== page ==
Day of Reconciliation

Day of Reconciliation

We all celebrate our Day of Reconciliation but besides knowing it is a public holiday, how much do you actually know about it and why it is so important?

They say that all good things come to an end. Thankfully, this remains true for horrid atrocities as well. One such ending took place in 1994 with the ending of apartheid – a system of racial segregation that existed in South Africa on the back of legislation introduced by the National Party. The Day of Reconciliation was introduced in 1994 as a way to heal the rift between the people of South Africa and bring harmony to a nation still suffering from decades of injustice.

Learn about the Day of Reconciliation

The Day of Reconciliation was created to mark the end of apartheid. The day, therefore, has been in existence since 1995. The purpose of this day was to foster unity and reconciliation across the country. The reason this date was selected is that it is significant to both African and Afrikaner cultures. The government purposely selected a date that would be meaningful for both ethnic groups in an attempt to create racial harmony.

There is no denying that this is one of the most significant and important dates in history. It is a day whereby we remember the past history of the country. There are a number of festivities that take place on this date, as well as marches and the recognition of the contributions of veterans.

While the date is an important one in South African history, it is also a day that is honoured all around the world. After all, we can all appreciate the importance of building bridges and working on healing. It is a sad fact that there are a lot of ethnic groups that feel underappreciated and discriminated against all around the world. On the Day of Reconciliation, the best thing that we can do is work on healing any damage and moving forward so that we can reach a date whereby we’re all able to support and appreciate each other.

History of the Day of Reconciliation

The history of the Day of Reconciliation is the history of a nation suffering under the auspices of colonialism and the inherent racism that existed as a part of this practice. While apartheid became legislated in 1948, racial segregation had been a reality in South Africa since the reign of the Dutch Empire in 1652 and saw no change when the British took possession of the country in 1795. Things only got worse in 1950 when non-white political representation was abolished in the country. While it served to deeper entrench the policies of racial segregation, it also sparked a series of rebellions, violence, and a trade and long arms embargo against the country.

The date for the Day of Reconciliation was selected due to its significance to both the Afrikaner and African people. For the Afrikaners it was known as the Day of the Covenant, a religious holiday celebrating a victory over the Zulus by the Voortrekkers in 1838 at the Battle of Blood River. For the Africans, it was the day of one of the important protests in 1910 against racial discrimination. In 1961, the Umkhonto we Sizwe, the “Spear of the Nation”, was established, an armed force of the ANC. The first acts of sabotage and violent resistance against the apartheid leaders also happened on that day in history.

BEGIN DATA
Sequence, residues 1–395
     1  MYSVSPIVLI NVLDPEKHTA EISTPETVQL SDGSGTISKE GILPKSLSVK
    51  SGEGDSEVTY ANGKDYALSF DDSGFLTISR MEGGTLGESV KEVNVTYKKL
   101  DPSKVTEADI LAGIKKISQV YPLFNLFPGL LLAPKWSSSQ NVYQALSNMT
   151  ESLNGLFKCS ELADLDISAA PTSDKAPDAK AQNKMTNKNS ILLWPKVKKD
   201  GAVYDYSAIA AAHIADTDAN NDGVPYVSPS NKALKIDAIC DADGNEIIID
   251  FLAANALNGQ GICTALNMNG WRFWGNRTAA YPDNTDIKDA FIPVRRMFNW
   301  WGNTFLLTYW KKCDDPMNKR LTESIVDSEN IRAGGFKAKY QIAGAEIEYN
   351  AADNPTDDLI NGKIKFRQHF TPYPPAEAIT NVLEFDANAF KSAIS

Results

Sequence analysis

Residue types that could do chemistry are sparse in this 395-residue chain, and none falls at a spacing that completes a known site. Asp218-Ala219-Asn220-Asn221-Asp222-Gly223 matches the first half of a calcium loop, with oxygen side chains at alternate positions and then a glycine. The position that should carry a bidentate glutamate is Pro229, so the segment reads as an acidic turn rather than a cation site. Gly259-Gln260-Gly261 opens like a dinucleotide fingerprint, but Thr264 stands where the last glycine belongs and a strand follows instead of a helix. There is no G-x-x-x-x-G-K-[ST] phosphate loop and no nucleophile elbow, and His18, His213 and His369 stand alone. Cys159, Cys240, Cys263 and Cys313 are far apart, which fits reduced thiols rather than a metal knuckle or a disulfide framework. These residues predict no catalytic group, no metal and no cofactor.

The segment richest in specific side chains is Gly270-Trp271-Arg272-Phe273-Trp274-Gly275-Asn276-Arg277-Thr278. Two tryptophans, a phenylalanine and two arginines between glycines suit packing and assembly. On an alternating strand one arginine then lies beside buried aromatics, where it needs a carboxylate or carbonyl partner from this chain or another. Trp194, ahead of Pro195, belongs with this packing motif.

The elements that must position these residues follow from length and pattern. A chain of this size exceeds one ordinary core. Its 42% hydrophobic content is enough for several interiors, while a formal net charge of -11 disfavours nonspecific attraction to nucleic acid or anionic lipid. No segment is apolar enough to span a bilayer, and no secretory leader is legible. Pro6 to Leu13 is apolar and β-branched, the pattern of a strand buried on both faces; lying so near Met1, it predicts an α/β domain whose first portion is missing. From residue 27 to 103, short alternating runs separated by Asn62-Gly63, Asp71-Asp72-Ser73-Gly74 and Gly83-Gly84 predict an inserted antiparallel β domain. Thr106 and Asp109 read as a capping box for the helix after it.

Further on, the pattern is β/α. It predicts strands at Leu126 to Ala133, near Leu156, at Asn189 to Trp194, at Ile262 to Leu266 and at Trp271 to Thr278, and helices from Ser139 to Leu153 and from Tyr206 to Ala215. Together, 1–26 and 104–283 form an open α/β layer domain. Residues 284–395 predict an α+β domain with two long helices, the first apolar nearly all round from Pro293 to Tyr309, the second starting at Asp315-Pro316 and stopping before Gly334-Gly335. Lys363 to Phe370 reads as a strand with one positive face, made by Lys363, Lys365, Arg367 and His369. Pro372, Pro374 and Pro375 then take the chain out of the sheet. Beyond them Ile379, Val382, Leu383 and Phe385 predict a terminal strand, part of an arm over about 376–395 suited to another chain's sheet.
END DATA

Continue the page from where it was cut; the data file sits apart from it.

Every year, there is a different theme for this date, and we would definitely recommend looking into these themes. They can help to give you a sense of direction in terms of how you should honour the date of that specific year. For example, some of the themes that have been in place over the years include The Year of Nelson Mandela and Albertina Sisulu: Liberators for Reconciliation, Bridging The Divide Towards A Non-Racist Society, and Bridging the Divide: Building a common South African Nationhood Towards a National Development State.

How to celebrate the Day of Reconciliation

Celebrating the Day of Reconciliation involves a deep look at our lives and the world that we live in. Take some time to educate yourself on colonialism and how it affected, and still affects the people who suffered under it. Colonialism and racism often go hand in hand, and their effects don’t end with the people who lived under them but are carried down through their children and grandchildren. Systems of governance and societal pressures don’t change overnight, so spend your day learning about how to dig the last roots of it out of your neighbourhood and country.

We also recommend that you take some time to learn more about the history of South Africa on the Day of Reconciliation. Nowadays, it is easy to read about a subject thanks to the internet. You will also find that there are a lot of great films and books about the history of South Africa, so why not watch or read one of them on this date? You may feel like you have a good understanding of the history of the country, but there is always something more that you can learn.

You can also spend some more time learning about the most influential figures in South African history. Of course, the obvious place to start here is with Nelson Mandela. Mandela was South Africa’s first black head of state, and his story is an incredible one, with him serving 27 years in prison. There is even a TV show called ‘Great South Africans’ whereby people voted for their greatest South African of all time. You may want to hunt down this television program so that you can find out more about the incredible people that did amazing things for their country.

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Source: https://www.daysoftheyear.com/days/day-of-reconciliation/#:~:text=The%20Day%20of%20Reconciliation%20has,both%20African%20and%20Afrikaner%20cultures.

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